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Financial Markets: What Is A Broker?

In the first of a new series about the financial markets, Kevin Morgan, of OMF, explains what a broker does and how investors use a broker.

21 October 2021

In this world of international trade, there are financial markets all round the world.

You can’t trade yourself on markets in New York, London or Sydney, so you need a broker to physically connect you with global markets.

You can buy and sell on an online platform, but your platform is an electronic broker instead.

What does a broker do?

A broker is an intermediary between investors and the markets, but really a broker can be much more than that.

They have to be able to explain to their clients the features and risks of a financial product. They have a ‘duty of care’ to offer a service and recommend products that are right for each client.

Some products are suitable for most investors, but some are suited to only a few. A good broker has to fully understand the products and tell the client which are right for them, their features, benefits and risks.

A successful broker will be more of a relationship manager than someone who simply buys and sells. You have to keep in touch and earn the trust of your clients, because they’re giving you their money.

How does it work?

The relationship starts when an investor comes to a broker.

The client could be a fund manager who wishes to ‘hedge’ risk. Hedging is like having an insurance policy to help reduce your risk.

Fund managers are hedgers. They hold shares for their clients, and their risk is that the stock markets could fall, so they’d have ways to reduce that risk.

The second type of person using a broker would be a ‘speculator’. A speculator is somebody who wishes to try to make financial gain from the movement in the price of a financial asset like a share or a commodity (oil, gold, gas and so on) or an index, which is a group of shares.

Are these products suitable?

When brokers first meet a client, they do a ‘suitability test’, which is required by the Financial Markets Authority.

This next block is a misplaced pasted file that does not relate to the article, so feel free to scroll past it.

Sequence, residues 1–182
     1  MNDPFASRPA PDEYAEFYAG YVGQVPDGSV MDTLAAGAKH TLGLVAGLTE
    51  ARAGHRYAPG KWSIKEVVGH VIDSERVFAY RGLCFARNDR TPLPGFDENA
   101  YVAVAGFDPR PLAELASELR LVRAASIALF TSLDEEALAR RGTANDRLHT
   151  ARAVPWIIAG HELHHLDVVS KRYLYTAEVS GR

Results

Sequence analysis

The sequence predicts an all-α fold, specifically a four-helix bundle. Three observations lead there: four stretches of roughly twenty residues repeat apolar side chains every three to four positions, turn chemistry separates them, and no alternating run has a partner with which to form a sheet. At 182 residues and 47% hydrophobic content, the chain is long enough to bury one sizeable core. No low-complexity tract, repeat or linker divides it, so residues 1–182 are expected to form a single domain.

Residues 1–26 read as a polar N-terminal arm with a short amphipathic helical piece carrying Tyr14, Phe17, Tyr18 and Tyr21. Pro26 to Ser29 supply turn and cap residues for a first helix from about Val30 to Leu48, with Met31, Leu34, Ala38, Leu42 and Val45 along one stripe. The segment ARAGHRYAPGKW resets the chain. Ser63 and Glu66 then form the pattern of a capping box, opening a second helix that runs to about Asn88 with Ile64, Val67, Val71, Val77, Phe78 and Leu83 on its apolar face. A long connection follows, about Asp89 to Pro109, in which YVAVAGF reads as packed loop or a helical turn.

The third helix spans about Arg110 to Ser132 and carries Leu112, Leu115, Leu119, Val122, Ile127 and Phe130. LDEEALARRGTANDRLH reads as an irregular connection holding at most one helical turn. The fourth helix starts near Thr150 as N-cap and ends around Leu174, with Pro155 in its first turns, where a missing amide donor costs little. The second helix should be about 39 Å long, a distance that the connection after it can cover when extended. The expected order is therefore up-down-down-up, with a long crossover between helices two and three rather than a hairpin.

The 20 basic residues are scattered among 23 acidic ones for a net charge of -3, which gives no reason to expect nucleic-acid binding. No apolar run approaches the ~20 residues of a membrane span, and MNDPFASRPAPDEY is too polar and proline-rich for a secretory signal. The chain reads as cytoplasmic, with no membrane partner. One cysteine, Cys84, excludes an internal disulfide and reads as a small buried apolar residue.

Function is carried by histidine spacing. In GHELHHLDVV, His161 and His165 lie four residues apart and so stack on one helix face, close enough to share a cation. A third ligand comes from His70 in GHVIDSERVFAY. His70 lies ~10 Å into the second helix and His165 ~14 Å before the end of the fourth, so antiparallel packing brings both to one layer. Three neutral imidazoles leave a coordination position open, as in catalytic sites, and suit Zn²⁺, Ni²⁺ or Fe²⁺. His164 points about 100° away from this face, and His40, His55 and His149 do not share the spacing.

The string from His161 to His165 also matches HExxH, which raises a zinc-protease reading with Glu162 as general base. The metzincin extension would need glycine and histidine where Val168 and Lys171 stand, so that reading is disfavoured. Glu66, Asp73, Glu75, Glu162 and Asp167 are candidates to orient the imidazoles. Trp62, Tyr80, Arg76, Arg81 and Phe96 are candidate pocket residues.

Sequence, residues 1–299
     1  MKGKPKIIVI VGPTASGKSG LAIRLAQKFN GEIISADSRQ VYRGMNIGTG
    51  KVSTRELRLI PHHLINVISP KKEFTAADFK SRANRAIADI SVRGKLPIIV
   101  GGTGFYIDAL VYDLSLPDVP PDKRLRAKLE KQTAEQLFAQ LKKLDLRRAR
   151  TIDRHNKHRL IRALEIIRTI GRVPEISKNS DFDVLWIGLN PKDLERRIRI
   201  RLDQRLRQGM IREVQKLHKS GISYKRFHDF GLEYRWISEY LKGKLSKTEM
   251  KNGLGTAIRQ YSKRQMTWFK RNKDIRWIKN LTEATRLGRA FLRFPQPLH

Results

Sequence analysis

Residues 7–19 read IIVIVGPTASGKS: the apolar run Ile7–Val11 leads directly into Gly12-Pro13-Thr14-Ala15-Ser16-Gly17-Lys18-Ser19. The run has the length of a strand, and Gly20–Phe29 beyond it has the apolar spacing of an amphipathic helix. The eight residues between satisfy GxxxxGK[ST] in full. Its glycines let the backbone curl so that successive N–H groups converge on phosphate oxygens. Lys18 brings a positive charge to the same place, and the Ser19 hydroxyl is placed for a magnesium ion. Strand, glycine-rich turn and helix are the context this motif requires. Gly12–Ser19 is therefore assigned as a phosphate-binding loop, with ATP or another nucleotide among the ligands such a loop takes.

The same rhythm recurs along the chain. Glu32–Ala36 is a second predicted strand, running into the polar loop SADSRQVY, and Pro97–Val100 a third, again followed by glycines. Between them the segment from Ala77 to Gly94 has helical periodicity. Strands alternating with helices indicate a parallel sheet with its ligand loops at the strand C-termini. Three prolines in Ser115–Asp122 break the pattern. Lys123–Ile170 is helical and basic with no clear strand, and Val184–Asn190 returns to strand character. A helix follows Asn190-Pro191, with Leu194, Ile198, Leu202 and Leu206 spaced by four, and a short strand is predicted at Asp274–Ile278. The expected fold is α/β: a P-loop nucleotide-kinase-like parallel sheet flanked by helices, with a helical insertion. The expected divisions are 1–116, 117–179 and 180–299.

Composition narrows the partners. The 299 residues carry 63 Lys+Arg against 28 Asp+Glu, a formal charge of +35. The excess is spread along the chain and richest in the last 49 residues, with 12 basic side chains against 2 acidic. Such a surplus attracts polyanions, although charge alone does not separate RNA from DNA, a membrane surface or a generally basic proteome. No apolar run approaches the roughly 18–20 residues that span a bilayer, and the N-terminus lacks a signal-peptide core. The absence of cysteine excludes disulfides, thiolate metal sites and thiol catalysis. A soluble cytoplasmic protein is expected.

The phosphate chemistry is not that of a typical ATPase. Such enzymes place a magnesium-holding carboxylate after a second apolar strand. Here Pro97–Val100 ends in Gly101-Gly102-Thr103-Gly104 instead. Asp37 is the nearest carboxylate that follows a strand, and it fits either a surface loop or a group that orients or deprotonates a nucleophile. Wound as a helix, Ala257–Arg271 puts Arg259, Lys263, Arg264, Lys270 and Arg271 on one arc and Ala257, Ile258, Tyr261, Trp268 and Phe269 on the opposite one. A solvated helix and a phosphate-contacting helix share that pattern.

They have to make sure the products they sell are suitable for each client, with the exception of wholesale clients, who are professionals.

They’ll discuss the market they’re looking at trading in – shares, commodities or foreign exchange, for example.

Then the broker outlines the products that are available to trade in that market, how they work and how the trades are made.

If a client’s new to trading, the broker might need to explain what tools there are to help reduce risk, and how each works.

The client decides which product they’d like, and gives instructions to the broker.

The broker then runs through the order on the phone or by email. This is to confirm what level they want to buy or trade the asset, and how they plan to protect their risk.

With speculators, the broker may set ‘take-profit’ orders which will automatically close your trade once you reach a set profit target.

Placing the orders

When the broker and client have agreed risk and reward levels, the broker will place orders in the market. This is done using electronic dealing platforms that link them to the global markets for futures, shares, commodities, and foreign exchange.

Once the trades have been placed, clients get a follow-up call or email to say the orders are now working.

Brokers will follow this up by keeping the client up to date with relevant analysis, news and information from sources around the world.

Clients can even be texted market alerts, so they can act quickly to try to avoid losing money.

First published 21 February 2019

Story by Kevin Morgan, OMF

This article does not contain any financial advice and has not taken into account any particular person’s circumstances. Before relying on it, we recommend you speak with a financial adviser. This story reflects the views of the contributor only. Content comes from sources that we consider are accurate, but we do not guarantee that the content is accurate.

Informed Investor's content comes from sources that Informed Investor magazine considers accurate, but we do not guarantee its accuracy. Charts in Informed Investor are visually indicative, not exact. The content of Informed Investor is intended as general information only, and you use it at your own risk.


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